Two key Penn State Abington tennis players graduate this week after a whirlwind seven semesters. The women credit earning their degrees early to the disciplined lifestyle of student-athletes and the unwavering support of their coach and faculty.
Sheena Philip and Souriya Honestee Sphabmixay agreed that focus and balance are critical to success.
"One semester, I tutored IST students, took 21 credits, and played tennis. It seemed crazy, but that's where balance comes in," Philip, an information sciences and technology (IST) major, said.
"It taught me to overcome my doubts, fears, and tackle obstacles and failure through perseverance," she said. "Failure allows us to learn, improve, and move closer to our goals."
These challenges transformed into motivation and determination that "rolled over into the classroom," Sphabmixay said. "I strived for more inside and outside of the classroom."
Tennis coach David Sheaffer devotes himself to working with all of his players, but he said Philip and Sphabmixay possess the drive to accomplish their goals.
"Early on, if things weren't going Honestee's way on the court, she would get visibly rattled, but she broke through that barrier and produced some of the biggest wins," he said.
"Sheena," Sheaffer continued, "became one of our toughest doubles players ever at Abington. Her quiet demeanor hides an incredibly competitive and very skilled athlete."
"Tennis taught me to overcome my doubts, fears, and tackle obstacles and failure through perseverance. ... And it rolled over into the classroom."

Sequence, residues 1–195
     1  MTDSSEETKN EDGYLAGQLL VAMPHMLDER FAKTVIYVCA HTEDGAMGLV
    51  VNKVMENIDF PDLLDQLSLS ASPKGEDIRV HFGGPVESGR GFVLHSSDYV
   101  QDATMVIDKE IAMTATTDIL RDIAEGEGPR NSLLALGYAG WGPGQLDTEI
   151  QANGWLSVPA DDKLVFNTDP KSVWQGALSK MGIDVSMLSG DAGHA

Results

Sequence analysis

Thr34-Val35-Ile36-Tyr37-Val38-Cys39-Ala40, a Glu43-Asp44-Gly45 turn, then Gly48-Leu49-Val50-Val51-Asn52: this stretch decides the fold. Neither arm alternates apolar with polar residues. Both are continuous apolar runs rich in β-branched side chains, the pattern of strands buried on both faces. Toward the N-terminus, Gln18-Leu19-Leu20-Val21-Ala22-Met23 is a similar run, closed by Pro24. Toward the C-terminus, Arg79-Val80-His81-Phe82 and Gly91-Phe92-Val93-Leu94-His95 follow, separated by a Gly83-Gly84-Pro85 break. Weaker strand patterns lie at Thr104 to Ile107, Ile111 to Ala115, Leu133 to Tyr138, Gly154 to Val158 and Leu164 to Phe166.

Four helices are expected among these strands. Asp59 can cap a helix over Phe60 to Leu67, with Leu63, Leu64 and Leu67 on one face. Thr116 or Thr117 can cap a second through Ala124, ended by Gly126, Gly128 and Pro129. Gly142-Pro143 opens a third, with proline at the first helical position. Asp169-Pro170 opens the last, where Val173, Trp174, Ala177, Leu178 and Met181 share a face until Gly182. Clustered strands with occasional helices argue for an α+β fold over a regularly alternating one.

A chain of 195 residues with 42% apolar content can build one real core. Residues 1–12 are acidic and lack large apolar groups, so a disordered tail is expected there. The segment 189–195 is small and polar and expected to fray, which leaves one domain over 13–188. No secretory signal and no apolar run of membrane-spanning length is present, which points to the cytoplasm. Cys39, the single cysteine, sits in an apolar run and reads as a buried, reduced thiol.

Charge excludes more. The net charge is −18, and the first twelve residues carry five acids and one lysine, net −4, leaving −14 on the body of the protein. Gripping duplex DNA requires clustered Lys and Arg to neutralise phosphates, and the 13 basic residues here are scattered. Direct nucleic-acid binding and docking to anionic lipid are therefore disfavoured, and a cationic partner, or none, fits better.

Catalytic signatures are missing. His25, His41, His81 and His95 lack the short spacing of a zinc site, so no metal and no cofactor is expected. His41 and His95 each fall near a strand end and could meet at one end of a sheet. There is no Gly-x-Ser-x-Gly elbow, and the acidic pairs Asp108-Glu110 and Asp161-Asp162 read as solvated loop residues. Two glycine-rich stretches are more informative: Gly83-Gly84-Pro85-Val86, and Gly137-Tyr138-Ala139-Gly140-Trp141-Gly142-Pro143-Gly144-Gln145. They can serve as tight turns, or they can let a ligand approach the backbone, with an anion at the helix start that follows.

-- Honestee Sphabmixay, Class of 2015
Philip said two Abington faculty members impacted her. Joe Oakes, senior IST lecturer, motivated her to chose the IST major.
"I took his IST110 class, and it opened my eyes to the IT world," she said. "I learned so much from him, and he is someone that I highly respect."
The onetime biology major also served as a teaching assistant to biology instructor Joyce John, whom she refers to as her "second mom."
Off the court, the women kept up their game by gaining professional experience. Philip's summer co-op building a website for the Abington Hospital Emergency Trauma Center extended into this fall. She now works as a consultant in Health Information Systems at the hospital.
She also boosted her research and presentation skills through Abington College Undergraduate Research Activities, investigating the impact of solar flares on radio communication.
Sphabmixay interned at a marketing and promotions firm, working directly for its president. And she shared her love of tennis with children as an instructor.
With commencement just a few days away, Sphabmixay wanted to offer advice for incoming college students:
- Do things that scare you and push your limits. You won’t regret it.
- College forces you to discover your capabilities and how to develop into the person you aspire to be.
- College is an opportunity for academic growth, but don't forget it's also a chance to learn about yourself and what you love.